Begbies Traynor suggests 20% drop in criticially distressed companies masks "very concerning patterns" for SMEs
The level of Scottish businesses showing signs of critical financial distress in the third quarter dropped 21 per cent year on year, a survey from Begbies Traynor suggests.
The insolvency specialist's quarterly Red Flag Alert statistics show the fall is in line with a drop of 22 per cent UK wide.
In Scotland, there were 257 companies reported to be in critical financial distress in the third quarter compared with 327 for the same period a year ago.
Critical distress is defined as firms subject to County Court Judgements of more than £5,000, winding-up petitions or entering into Corporate Voluntary Arrangements.
There has also been a five per cent fall in the monthly average figures for critically distressed companies in Scotland over the course of the first three quarters of 2012, now averaging 104 a month.
However Begbies added the statistics for ‘critical’ distress are typically at their lowest in the third quarter due to seasonal factors, including court holidays.
Ken Pattullo, who heads up Begbies Traynor in Scotland, said the headline reduction on distressed businesses in Scotland “mask some very concerning patterns” for SMEs, particularly in relation to their ability to access finance.
He said: “The fact is that changing corporate behaviour and a reduced level of litigation account for some of the reduction in distress levels rather than being an indication of overall improved economic conditions.
“We are now seeing the strongest businesses, often the larger ones, become stronger and unfortunately that is inadvertently impacting some of the smallest firms.
“This polarisation of fortunes is storing up problems as the SMEs that represent the backbone of the Scottish economy are bearing the brunt of the downturn, and many are now on the brink of failure.”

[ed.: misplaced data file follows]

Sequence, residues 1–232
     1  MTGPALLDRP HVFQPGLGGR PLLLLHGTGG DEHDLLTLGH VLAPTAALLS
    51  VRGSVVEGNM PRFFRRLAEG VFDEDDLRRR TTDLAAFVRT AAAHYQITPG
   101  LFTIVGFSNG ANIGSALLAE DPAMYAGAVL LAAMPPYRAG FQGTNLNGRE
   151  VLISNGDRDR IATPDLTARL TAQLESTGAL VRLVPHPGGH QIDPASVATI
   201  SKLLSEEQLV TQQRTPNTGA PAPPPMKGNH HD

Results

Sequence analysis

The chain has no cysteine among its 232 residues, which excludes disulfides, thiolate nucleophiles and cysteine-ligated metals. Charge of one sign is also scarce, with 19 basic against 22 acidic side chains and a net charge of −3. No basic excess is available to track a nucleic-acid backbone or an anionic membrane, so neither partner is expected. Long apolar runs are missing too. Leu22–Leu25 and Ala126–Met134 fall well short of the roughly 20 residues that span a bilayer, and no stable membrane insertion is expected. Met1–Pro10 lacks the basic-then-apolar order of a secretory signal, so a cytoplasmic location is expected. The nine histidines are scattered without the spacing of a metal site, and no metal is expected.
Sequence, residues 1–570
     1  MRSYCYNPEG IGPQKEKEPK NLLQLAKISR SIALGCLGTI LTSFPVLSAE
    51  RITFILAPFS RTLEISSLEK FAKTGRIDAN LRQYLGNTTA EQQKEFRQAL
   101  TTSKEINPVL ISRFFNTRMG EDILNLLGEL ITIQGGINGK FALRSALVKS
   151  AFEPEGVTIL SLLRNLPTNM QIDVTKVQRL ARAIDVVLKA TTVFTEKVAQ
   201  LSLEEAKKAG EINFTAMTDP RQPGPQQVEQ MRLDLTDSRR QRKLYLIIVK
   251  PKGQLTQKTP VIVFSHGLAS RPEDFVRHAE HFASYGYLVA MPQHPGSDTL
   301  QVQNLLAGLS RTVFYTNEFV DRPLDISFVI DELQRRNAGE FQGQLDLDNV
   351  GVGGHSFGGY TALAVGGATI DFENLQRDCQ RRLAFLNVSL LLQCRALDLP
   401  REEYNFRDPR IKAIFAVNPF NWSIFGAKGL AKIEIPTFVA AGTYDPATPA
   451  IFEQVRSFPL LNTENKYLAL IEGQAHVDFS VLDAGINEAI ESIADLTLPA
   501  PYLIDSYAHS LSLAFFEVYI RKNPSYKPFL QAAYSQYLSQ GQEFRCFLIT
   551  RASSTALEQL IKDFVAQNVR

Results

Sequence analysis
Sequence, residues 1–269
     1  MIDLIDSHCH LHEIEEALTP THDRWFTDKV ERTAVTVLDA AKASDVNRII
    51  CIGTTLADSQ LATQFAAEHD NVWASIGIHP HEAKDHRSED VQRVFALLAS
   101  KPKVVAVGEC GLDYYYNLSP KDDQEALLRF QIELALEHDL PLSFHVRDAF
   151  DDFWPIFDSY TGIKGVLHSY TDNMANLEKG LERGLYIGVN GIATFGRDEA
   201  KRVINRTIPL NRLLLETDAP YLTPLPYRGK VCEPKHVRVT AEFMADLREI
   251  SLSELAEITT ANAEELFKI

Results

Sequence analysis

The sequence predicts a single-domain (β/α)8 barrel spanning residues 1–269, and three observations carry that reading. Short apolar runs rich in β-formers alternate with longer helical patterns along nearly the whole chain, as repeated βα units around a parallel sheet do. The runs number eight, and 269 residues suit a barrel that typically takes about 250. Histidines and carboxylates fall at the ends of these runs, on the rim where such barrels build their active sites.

He added: “SMEs are suffering increasing distress with larger firms enjoying more access to credit and more growth.
“Some bigger businesses are enjoying the benefits of scale and cash positions to grow and thrive but some of this comes at the expense of smaller suppliers which are increasingly being pushed.”
Construction remains the most troubled sector in Scotland, accounting for 23 per cent share of all ‘critical’ distress cases, up from 19 per cent in the previous quarter.
Bars and restaurants accounted for a seven per cent share of critical instances, down from nine per cent in the previous quarter and there was a one per cent rise in critical distress in general retailing firms, accounting for six per cent of critical distress cases.
Pattullo added: “Without increasing credit to some of the struggling SMEs we are likely to see some of these firms finally fall over during the coming two quarters, and collectively some of these firms employ a great many people who are spending money as long as they have jobs.”